Replied by Robby L on topic The Sleeply Jungle - Nam Nao
The best place to see mammals in Nam Nao are the two trails on the south side of the road one is Phu Koom Khao rail which is driveable for 14 km it is 3.4 km from the park entrance along the main road to the east, the other is Dong Paek trail which is walking only for 4 km from a place to park 1.4 km west of the park entrance road.

When I went there there was a huge amount of mammal sign as well as birds, time spent on these trails particularly the Dong Paek where there is a salt lick on the side of the track less than a km in would be sure to give some sightings.

Salt lick Dong Paek track.


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19 Jan 2017 00:56 #4195 by onflipflops
Replied by onflipflops on topic The Sleeply Jungle - Nam Nao
Do you mean south of the Route 12, Robby?
If so, I didn't know it was possible to go there.
But that sounds interesting.
Is there also accommodation on the Southern side?

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19 Jan 2017 18:28 - 20 Jan 2017 20:27 #4196 by Robby L
Replied by Robby L on topic The Sleeply Jungle - Nam Nao
Yes on the south side of road 12 see the 2 tracks (vehicle) on this map,the short, Dong Paek, track can only be walked......

Click here for map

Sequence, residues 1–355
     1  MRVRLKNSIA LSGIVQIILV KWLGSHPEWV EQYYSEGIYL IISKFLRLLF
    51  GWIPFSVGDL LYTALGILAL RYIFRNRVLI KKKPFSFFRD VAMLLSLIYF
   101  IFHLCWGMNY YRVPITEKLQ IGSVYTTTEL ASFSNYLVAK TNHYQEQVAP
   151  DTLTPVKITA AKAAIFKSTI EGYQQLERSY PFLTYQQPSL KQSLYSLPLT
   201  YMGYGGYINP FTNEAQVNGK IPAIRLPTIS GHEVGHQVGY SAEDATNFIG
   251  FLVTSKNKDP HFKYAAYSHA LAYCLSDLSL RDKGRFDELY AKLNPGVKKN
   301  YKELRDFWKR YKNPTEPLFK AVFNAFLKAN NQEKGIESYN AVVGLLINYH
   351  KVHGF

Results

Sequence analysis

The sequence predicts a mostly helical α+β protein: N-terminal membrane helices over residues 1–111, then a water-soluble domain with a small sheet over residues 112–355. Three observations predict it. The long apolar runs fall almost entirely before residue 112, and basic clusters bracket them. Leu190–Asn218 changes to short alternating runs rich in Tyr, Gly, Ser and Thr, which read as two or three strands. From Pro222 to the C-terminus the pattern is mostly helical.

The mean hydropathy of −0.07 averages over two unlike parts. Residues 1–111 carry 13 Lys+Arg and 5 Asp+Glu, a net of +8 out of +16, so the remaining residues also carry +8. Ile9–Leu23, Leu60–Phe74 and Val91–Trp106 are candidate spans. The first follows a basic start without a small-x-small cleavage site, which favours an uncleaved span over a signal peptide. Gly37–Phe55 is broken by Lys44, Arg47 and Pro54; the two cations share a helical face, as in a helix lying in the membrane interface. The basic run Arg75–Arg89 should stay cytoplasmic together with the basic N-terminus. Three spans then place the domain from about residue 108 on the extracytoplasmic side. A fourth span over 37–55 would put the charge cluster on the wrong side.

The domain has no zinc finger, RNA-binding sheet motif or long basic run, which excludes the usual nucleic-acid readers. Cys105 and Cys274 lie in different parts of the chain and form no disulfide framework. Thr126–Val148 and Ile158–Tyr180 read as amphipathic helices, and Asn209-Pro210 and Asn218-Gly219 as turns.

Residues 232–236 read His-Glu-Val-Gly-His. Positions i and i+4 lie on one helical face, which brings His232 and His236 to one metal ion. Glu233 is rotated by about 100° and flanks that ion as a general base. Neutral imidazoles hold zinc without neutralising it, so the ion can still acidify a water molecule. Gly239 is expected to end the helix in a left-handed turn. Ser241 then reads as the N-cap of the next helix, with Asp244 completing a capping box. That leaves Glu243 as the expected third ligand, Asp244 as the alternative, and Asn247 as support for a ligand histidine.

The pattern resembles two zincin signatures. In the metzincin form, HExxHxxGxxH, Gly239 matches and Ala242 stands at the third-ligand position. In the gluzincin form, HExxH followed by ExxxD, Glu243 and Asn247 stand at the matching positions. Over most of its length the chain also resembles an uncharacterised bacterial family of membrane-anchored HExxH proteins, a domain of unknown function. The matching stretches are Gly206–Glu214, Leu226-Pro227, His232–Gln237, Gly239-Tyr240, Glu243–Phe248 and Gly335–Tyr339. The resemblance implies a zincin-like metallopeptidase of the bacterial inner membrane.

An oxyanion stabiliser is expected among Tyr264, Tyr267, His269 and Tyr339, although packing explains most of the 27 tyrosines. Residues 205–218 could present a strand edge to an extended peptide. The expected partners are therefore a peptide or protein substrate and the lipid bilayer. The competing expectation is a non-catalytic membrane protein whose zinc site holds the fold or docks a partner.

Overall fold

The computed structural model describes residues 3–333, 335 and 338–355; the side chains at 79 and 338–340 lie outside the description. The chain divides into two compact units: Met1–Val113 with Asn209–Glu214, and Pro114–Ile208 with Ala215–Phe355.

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19 Jan 2017 18:33 #4197 by Robby L
Replied by Robby L on topic The Sleeply Jungle - Nam Nao
Sorry forgot, no accommodation and if not staying at the park no entrance fee as you dont have to go into the park. There is a ranger station on the Phu Koom Khao road but nobody around so we just drove past..

We did see some people camped in tents on the roadside at the park entrance but no toilets there.

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19 Jan 2017 20:27 #4198 by onflipflops
Replied by onflipflops on topic The Sleeply Jungle - Nam Nao
Thank you for the info. Will definitely give it a try someday in the future.

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29 Apr 2023 13:35 - 29 Apr 2023 13:40 #5894 by wvwv
Replied by wvwv on topic The Sleeply Jungle - Nam Nao
The trails in nam nao, apart from the ones which start directly from the campsite, are mostly dirt roads which i think also serve as firebreaks.

the 14km dirt road is past a barrier and another ranger station but usually the barrier is up and nobody says anything when you go past. The best time to see mammals will be dawn and dusk, like anywhere really.